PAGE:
Today, Wizards of the Coast revealed Magic: the Gathering’s newest format: Pioneer.

Pioneer is a new non-rotating format that will include all Magic expansion sets beginning from Return to Ravnica, which was release in the Fall of 2011, and will include new expansions as they are released. The format is intended to be a place for “players who started more recently and still want to play with their favorite cards after rotation.”

The sets that will be included in Magic’s newest format, Pioneer.

The sets that are legal in Pioneer begin with Return to Ravnica in order to create a large enough format to allow for “cross-block synergies to give the format its own unique characteristics.”

Pioneer will begin with five cards on the banned list: Bloodstained Mire, Flooded Strand, Polluted Delta, Windswept Heath, and Wooded Foothills. These fetchlands will be banned because the shocklands (printed in both Ravnica blocks) are also included in Pioneer and “mana bases with fetch lands and shock lands are very strong and make playing three or four colors too easy.”

Strong multicolor manabases can cause decks to become homogenous and create a format that is “defined by how many of the strongest cards players can squeeze into one deck.” By putting constraints on the manabases in Pioneer, Wizards hopes to “add diversity to the format and make decks play differently from one another.”

Though Pioneer will start with a small banned list, Wizards says that they’ll “be watching it closely at its inception and banning cards on off-cycle dates” and use data from Magic Online to identify problematic cards to ban early on.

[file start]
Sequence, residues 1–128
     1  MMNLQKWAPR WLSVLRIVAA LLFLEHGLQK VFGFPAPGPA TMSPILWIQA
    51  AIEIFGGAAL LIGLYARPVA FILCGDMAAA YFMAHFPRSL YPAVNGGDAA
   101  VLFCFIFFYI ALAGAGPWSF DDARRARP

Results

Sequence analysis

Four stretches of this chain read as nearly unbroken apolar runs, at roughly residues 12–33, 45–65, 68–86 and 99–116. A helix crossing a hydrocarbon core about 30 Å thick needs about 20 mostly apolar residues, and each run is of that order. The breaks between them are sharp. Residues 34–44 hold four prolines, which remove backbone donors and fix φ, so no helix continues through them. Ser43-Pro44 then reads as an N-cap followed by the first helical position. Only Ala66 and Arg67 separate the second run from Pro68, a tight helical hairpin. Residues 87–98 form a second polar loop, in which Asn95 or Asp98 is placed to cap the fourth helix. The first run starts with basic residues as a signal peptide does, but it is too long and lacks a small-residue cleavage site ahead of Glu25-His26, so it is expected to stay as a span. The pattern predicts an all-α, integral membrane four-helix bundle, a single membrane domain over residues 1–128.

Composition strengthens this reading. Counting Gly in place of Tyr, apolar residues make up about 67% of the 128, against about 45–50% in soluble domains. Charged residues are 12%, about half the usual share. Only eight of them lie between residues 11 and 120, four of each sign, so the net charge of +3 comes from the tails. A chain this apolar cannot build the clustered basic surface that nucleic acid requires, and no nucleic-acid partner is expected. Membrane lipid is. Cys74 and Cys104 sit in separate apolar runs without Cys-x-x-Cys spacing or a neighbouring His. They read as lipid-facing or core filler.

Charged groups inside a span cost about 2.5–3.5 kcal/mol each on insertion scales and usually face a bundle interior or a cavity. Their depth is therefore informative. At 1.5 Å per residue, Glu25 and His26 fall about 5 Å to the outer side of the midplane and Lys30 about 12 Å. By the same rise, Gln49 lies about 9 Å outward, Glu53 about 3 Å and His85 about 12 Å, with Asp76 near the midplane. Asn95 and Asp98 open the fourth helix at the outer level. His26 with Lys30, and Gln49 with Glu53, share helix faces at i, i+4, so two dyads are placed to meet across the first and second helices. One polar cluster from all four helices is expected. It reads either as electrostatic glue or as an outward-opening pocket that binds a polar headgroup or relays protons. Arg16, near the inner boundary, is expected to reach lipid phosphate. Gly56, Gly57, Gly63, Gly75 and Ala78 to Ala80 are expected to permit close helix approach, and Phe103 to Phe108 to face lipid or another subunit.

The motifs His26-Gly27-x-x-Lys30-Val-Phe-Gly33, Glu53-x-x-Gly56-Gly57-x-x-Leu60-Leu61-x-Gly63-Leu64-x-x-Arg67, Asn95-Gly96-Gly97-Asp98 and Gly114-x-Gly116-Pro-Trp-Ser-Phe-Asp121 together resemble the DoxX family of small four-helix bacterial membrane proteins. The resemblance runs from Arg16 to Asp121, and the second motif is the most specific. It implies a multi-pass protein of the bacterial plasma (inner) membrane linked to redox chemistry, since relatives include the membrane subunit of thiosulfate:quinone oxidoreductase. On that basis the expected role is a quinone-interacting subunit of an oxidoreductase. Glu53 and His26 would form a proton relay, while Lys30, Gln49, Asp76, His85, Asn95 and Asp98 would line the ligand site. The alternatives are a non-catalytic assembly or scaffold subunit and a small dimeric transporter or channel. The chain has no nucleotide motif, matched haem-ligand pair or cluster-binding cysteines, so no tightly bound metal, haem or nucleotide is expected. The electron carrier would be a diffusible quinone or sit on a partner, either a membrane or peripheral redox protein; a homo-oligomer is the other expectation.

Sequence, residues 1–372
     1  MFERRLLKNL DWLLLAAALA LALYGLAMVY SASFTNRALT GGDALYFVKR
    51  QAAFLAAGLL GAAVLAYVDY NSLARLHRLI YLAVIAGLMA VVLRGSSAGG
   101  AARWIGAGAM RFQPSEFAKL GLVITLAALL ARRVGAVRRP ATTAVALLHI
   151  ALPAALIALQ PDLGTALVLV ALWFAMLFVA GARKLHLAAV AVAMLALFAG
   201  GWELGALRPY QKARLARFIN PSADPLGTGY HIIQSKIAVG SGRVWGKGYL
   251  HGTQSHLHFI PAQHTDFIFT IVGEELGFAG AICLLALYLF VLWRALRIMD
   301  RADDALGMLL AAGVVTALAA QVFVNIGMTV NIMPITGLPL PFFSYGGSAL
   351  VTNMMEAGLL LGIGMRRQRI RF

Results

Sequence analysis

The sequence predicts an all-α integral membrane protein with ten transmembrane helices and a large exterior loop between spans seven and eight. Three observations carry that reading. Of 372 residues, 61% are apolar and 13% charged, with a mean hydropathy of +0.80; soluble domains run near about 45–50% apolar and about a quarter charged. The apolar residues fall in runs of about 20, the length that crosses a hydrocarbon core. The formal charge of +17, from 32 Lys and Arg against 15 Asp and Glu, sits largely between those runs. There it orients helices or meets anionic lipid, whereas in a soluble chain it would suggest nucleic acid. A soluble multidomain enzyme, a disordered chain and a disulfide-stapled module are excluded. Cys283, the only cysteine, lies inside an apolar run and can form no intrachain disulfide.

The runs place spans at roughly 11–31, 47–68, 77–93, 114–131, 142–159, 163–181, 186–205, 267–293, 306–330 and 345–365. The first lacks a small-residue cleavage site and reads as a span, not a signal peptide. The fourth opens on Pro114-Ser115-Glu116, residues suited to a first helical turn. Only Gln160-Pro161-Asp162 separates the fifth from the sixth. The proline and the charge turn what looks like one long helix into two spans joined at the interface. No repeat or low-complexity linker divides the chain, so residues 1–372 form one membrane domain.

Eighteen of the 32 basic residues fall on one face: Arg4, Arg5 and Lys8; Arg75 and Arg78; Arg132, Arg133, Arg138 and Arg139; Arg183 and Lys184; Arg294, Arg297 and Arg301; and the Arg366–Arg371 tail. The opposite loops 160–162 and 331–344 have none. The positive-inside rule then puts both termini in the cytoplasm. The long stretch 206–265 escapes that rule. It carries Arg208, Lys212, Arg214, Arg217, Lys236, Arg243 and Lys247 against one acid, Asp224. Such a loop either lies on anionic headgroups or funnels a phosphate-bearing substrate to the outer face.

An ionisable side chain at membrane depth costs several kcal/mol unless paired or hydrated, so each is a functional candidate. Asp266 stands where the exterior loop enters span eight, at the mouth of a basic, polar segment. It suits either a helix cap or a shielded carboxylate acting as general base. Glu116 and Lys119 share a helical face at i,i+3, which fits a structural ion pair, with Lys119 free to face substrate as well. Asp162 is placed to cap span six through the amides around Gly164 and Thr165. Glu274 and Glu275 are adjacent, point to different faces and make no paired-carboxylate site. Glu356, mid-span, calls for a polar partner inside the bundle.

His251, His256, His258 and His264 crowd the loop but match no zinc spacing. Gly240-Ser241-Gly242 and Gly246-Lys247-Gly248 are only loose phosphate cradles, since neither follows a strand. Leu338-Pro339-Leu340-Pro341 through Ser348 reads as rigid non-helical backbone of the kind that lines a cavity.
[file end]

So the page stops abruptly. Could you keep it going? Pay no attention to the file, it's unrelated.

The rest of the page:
The format will be playable on Magic Online and tabletop but will not be coming to MTG Arena. It will be available on Magic Online starting October 23 with events coming soon after. Pioneer will make it’s high level debut at the Players Tour in Feburary 2020 as the constructed format for those events and will also be the constructed format for the associated Players Tour Final in April 2020. It will become an option for Players Tour Qualifiers starting March 21.

What About Modern? Historic?

Pioneer is Magic’s sixth non-rotating format and comes four months after the another new non-rotating format, Historic, was revealed in June.

So what makes Pioneer different? Well, the sets legal in Historic begin with Ixalan (Fall 2017) and the sets legal in Modern begin with 8th Edition (Summer 2003). Pioneer starts with Return To Ravnica (Fall 2011), which puts it somewhere in between Historic and Modern.

According to Wizards, Modern’s card pool is so large—it contains sixteen years worth of cards—that it no longer serves the intended role of the “format where you can use your Standard cards after rotation.” Pioneer is intended to bridge the gap between Standard and a non-rotating format for tabletop and Magic Online players. Since it won’t be available on MTG Arena, Historic will serve to bridge that gap for Arena players.

“Modern isn’t going anywhere,” Wizards said. “We love Modern, and players do as well. Pioneer isn’t a replacement in any sense. It is, instead, a recognition of a diverse, growing, and stratified player base.”

“We view Pioneer as additive,” they continued, and not as a replacement of any existing format.

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